However, one cannot mention incredible singing without discussing Shepherd School of Music graduate Laura Botkin as Polly. Botkin's voice is unreal - she absolutely glitters on stage with her dazzling white wedding dress, flirty poses and enchanting voice.

University of Houston music graduate Danica Johnston, who plays the role of jealous girlfriend Lucy, doesn't lag far behind in voice. One of the play's most memorable moments is when Botkin and Johnston harmonize in the "Jealousy Duet." Dressed in flapper attire, Johnston is a radiant, bouncy character, en

rapturing the audience in both song and movement.

One particular song to watch for is the "Pimp's Ballad." The scene is worth it for the costumes alone. From feathers to brightly colored tights to elaborate wigs, the costumes combine raunchy poses and talented voices for an incredible number.

The stage crew and the orchestra must also be commended. Matthew Schlief's moody stage design is impeccable as always, and the captions carried by the stoic, ragged-looking beggars look great, connecting the different parts of the play and enhancing the feeling of being transported to another world. The jazzy orchestra is also swinging, complete with a saxophone that adds attitude to the show.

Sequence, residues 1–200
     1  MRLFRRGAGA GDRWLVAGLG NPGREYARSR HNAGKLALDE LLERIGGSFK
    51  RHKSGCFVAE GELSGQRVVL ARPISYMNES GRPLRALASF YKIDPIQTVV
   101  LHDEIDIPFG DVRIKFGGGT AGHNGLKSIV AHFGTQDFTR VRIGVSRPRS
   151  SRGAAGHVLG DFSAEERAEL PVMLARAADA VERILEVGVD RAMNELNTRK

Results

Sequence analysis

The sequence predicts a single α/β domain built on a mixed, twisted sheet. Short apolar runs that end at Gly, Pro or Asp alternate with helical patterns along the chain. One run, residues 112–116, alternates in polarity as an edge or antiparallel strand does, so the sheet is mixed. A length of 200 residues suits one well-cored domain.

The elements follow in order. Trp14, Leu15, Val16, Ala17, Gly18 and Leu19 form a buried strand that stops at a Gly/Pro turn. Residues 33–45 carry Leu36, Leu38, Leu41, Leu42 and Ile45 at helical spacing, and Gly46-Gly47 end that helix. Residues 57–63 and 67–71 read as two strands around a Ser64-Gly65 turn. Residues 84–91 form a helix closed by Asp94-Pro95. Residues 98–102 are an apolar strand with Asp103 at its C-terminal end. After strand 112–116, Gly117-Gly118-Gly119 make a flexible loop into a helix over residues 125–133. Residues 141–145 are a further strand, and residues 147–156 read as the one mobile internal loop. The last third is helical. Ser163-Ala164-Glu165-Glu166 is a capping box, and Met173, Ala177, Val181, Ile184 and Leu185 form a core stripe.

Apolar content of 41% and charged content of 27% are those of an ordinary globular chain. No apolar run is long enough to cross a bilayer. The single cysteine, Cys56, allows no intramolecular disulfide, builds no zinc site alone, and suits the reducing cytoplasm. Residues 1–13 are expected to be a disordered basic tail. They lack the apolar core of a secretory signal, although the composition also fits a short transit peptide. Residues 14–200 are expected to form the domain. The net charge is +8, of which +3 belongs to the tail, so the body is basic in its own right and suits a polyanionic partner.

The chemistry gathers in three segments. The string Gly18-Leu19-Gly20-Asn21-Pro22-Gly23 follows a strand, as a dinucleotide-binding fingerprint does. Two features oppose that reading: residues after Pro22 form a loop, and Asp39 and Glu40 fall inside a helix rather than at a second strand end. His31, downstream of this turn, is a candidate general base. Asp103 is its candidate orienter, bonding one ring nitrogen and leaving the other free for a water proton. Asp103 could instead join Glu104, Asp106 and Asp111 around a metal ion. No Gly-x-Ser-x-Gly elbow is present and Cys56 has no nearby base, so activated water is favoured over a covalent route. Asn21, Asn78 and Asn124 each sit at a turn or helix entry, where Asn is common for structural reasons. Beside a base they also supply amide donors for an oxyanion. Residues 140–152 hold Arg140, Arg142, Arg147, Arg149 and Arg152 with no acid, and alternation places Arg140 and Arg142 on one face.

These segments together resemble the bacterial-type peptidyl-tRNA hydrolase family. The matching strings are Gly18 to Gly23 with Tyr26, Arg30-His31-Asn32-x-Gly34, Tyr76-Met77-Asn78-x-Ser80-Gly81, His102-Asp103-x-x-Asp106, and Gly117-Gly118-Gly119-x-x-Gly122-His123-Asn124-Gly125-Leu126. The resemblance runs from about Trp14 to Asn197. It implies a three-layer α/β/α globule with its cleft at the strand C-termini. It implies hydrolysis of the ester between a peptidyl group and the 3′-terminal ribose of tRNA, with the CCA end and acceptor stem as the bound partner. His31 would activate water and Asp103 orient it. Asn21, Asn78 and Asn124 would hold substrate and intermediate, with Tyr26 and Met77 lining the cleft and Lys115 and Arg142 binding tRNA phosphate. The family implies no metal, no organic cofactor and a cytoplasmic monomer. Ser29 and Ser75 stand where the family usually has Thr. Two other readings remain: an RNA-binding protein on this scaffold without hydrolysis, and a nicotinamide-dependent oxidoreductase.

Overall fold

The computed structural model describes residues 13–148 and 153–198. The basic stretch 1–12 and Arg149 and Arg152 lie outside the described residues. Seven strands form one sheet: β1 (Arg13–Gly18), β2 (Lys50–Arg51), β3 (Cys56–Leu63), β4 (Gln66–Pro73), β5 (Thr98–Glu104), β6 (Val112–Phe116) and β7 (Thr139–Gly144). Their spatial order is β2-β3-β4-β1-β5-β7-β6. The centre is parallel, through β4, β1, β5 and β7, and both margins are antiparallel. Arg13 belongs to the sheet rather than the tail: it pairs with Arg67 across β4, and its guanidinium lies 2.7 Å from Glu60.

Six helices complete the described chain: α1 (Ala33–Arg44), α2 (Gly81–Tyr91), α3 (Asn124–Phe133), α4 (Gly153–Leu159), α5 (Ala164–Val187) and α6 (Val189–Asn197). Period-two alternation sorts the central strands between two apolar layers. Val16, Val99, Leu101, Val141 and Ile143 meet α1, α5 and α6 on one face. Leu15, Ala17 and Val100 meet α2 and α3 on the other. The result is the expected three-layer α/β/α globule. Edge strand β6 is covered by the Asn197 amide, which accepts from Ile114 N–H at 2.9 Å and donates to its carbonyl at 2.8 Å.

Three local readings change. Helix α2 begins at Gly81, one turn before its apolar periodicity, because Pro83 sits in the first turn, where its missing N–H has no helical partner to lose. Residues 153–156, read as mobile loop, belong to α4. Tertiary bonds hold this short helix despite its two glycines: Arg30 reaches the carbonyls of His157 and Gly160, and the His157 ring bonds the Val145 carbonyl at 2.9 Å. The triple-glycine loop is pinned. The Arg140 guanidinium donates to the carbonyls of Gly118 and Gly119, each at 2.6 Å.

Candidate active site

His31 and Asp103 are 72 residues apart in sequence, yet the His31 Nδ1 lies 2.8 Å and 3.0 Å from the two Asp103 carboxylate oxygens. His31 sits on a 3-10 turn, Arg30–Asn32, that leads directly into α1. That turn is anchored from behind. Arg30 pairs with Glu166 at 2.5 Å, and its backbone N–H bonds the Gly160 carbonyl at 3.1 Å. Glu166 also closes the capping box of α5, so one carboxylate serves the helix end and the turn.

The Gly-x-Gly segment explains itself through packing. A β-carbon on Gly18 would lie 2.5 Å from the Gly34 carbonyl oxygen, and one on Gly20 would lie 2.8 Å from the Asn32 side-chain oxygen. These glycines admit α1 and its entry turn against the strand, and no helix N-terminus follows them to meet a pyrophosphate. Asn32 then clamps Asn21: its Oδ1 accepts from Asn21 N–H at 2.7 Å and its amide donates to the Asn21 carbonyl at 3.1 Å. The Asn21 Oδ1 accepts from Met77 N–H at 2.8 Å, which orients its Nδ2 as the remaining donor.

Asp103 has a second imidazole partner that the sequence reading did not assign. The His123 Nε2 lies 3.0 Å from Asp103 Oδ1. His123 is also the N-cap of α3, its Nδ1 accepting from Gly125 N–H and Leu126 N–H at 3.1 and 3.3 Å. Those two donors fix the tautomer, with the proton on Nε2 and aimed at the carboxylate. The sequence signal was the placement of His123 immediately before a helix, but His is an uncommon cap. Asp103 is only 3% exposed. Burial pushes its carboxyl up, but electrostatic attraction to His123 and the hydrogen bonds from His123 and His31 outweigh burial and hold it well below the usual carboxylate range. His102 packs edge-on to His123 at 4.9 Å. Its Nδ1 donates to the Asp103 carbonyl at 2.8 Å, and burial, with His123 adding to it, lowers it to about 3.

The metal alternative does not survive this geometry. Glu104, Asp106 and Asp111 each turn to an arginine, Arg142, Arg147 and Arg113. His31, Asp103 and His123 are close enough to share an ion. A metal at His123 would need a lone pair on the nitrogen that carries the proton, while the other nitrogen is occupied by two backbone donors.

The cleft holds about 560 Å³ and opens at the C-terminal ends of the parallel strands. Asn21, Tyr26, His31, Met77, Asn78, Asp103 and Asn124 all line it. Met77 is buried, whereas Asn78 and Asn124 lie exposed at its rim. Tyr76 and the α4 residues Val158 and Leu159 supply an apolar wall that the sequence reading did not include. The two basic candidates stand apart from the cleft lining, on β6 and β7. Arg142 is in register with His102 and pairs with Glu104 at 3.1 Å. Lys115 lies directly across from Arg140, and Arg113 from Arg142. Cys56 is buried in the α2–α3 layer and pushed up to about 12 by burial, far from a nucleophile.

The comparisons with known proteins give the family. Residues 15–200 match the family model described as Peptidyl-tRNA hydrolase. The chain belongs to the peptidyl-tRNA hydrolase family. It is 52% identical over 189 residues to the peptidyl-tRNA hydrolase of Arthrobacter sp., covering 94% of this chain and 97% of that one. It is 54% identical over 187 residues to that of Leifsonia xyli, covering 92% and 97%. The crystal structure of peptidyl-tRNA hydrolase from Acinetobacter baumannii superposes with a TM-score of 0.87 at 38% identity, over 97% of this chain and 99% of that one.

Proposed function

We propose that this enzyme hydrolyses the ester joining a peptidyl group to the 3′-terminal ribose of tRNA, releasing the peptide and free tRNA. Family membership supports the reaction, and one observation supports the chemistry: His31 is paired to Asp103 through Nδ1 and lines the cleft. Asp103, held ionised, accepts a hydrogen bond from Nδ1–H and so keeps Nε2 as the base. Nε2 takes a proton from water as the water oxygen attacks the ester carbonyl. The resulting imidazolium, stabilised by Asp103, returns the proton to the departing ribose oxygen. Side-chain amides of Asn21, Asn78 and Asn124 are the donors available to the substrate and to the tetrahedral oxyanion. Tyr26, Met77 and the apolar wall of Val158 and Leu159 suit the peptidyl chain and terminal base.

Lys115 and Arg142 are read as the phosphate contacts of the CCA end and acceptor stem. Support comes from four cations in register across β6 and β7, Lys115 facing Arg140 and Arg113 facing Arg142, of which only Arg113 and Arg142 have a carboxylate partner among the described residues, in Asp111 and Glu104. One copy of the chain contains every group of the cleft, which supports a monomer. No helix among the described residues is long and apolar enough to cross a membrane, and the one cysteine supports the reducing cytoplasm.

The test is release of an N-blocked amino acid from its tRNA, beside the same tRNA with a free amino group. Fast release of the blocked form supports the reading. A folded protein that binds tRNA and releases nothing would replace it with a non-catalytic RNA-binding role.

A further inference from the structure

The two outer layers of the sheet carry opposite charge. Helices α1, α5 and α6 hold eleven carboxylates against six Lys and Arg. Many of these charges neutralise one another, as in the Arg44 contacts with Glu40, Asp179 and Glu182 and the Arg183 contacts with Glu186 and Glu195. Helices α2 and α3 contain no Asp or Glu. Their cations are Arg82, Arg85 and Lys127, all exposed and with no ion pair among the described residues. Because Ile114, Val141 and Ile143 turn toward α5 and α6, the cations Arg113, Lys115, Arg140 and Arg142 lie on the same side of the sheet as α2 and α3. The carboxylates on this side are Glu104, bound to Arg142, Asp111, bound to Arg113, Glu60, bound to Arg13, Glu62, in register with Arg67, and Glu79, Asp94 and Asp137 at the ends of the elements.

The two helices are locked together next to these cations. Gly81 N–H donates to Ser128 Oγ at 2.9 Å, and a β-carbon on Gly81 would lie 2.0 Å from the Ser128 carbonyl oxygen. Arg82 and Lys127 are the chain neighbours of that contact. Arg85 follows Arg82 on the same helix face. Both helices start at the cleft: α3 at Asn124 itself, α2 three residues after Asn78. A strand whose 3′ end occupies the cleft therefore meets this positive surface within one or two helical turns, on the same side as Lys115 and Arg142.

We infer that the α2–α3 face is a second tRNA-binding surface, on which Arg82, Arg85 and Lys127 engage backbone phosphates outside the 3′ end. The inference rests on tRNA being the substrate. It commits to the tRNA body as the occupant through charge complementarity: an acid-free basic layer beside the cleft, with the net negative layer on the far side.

It is clear that these able actors and others involved put a lot of work and effort into the production, and the result is a magnificent conglomerate of solid talent and entertainment.

Monday, October 19, 2009

Sunday, October 18, 2009

Make-Up Workshop

Are they clowns? Are they Charles Chaplin? Are they weird Japanese Rock Stars??

NO!!! They're the Threepenny Opera Cast! HOORAY!

Sunday, October 4, 2009

Sunday, September 27, 2009

The Beggar's Opera

From Rachel Buchman (Frau Peachum):
The following introduction comes from a copy of The Beggar's Opera I picked up in NYC at the end of the summer. Beggar's Opera by John Gay is the opera that Threepenny very closely follows. This introduction explains much about the historical characters, the underworld society the characters operate in, the meaning of some of the vocabulary and so on.

Other resources that are worth investigating:
Berlin Alexanderplatz by Doblin
[It takes place in Weimar Berlin]
Moll Flanders by Defoe
Takes place in London in the 1720's, the time of The Beggar's Opera and graphically deals with the life of beggars, whores, and thieves. It really brings to life many of the people and circumstances depicted in Threepenny. It is also an unintentionally enlightening and sympathetic portrait of women in early 18th century society.
Berlin Alexanderplatz- German television series based on the book, directed by Fassbinder
Threepenny Opera- movie version directed by Pabst (from 1931)
Collection of George Grosz's drawings and paintings entitled "Ecce Homor."

CLICK images to read! !

The Beggar's Opera by John Gar; Penguin Classics Edition
Published: 1986, London/NY

Saturday, September 26, 2009

Past Production Research- Threepenny on Broadway